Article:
Other players will eventually catch on to your style of play if you play with them on a regular basis. You’ll need to find clever ways to outwit them.
Running an elaborate bluff isn’t necessarily the answer. Instead, try playing strong hands the same way you would ordinarily play marginal or drawing hands, and then hope your opponent attempts to run you off with a big bluff of his own.
I faced this situation at the 2008 BC Poker Championship in Canada last month. 690 players started the tournament but only three remained when the following hand took place.
The blinds were at 40,000-80,000 with an 8,000 ante. I had about two million chips and my opponents had around four million each.
Sitting on the button, I found pocket eights and raised to 178,000. The small blind folded and the big blind called. The flop was a good one: Ad-8c-6c.
My opponent checked and I fired out 210,000 and got a call. The turn card was another ace giving me a full house. Then, my opponent, a young kid, bet 350,000.
Obviously, I felt like I had the best hand but decided that calling was the best play. I did it in such a way, however, that the kid wouldn’t think I was so strong. I played it a bit Hollywood, acting as though I had a hand like 10-10. I was hoping my award-winning performance would entice him to make a big move at the river for all of my chips.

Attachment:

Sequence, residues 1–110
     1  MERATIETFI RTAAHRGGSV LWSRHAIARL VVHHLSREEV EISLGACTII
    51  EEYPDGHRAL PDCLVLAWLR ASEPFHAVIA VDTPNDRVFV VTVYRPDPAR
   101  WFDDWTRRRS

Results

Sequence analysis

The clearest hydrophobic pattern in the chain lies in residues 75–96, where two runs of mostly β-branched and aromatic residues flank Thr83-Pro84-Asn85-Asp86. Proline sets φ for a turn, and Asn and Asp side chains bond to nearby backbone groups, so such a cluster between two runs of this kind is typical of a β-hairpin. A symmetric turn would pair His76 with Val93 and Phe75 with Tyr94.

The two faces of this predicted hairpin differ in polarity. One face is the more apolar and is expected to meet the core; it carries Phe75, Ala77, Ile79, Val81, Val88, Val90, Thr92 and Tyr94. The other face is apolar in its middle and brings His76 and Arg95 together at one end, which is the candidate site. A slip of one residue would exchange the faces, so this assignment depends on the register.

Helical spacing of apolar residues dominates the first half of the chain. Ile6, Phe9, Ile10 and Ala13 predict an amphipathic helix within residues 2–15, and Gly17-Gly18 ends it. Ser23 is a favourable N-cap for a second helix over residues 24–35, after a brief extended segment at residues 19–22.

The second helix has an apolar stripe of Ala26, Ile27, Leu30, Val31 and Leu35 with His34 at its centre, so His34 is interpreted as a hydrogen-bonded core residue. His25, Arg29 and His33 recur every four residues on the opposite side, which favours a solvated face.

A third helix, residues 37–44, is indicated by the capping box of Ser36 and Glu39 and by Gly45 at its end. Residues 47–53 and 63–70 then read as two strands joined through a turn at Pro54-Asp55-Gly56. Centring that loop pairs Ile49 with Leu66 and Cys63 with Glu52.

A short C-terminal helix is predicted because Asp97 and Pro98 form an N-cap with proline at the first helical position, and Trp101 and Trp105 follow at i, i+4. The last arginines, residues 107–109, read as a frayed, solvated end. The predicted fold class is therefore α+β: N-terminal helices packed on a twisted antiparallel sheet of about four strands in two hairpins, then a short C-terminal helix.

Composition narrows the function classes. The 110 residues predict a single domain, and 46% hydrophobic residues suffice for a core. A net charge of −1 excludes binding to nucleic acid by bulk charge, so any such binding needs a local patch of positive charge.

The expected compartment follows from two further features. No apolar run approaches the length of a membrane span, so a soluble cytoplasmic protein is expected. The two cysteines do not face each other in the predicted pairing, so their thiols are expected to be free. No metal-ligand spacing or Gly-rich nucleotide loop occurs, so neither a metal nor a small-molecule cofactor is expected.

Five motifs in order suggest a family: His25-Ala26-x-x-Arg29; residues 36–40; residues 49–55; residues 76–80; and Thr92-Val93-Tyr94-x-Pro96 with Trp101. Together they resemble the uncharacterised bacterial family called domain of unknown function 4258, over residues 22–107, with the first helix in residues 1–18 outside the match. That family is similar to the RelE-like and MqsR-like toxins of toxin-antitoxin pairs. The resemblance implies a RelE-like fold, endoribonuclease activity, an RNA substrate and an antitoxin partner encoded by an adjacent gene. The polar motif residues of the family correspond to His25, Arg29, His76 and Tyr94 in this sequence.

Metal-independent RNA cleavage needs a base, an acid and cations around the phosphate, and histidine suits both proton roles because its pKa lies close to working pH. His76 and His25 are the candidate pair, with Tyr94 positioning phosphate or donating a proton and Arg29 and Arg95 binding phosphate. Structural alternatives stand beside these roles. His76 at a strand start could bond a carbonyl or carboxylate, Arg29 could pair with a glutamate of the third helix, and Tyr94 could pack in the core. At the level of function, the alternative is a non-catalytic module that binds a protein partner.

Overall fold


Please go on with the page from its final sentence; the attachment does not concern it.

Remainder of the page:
I liked the call for two reasons.
If he was on a draw, he couldn’t win regardless what card he caught. Why not let him catch the card he thinks he needs? If he gets lucky, it only increases the chances that he’ll bet it all on the river.
Or, if he does have an ace, he’ll play to the turn or river anyway. I can wait until the river just in case another ace or a six hits. If one does, my full house becomes weaker and I can fold my hand if he makes a big bet.
You see, I knew the kid’s tendencies and correctly understood his perception of me. He clearly had the guts to run a big bluff because he’d done so earlier in the tournament. I also sensed that by smooth calling the turn, he’d assume I was on a draw or had a mediocre hand at best.
Now, if I actually did have pocket tens, I probably would have called on the turn and folded to a river bet. I guessed that the kid knew that, too, so my ploy was the perfect set up.
I was being tricky by not really doing much at all.
Okay, so a jack comes on the river and the kid bets my remaining 1.3 million chips. I deliberated for a while and finally made the call.
The kid turned over 4d-5h for absolutely nothing!
There was no chance that I could’ve gotten that last 1.3 million chips had I decided to raise on the turn. However, by consciously playing my monster hand much like I would a mediocre one, I baited the kid to try to bluff me out.
A common mistake made by amateurs is that they fail to take advantage of players who bluff excessively. Instead of playing possum and letting their aggressive opponents continue to bet, beginners raise too early with monster hands, allowing their opponents to fold.
Playing tricky poker doesn’t have to mean making bizarre moves or playing way out of character. Rather, it’s simply about taking advantage of what you know about your opponents and how they perceive your style of play.
Editor’s note: Daniel Negreanu won the 2008 BC Poker Championship title in November, 2008. He took home first place prize of $371,910.
Visit www.cardsharkmedia.com/books.html for information about Daniel Negreanu’s newest book, More Hold’em Wisdom for All Players.
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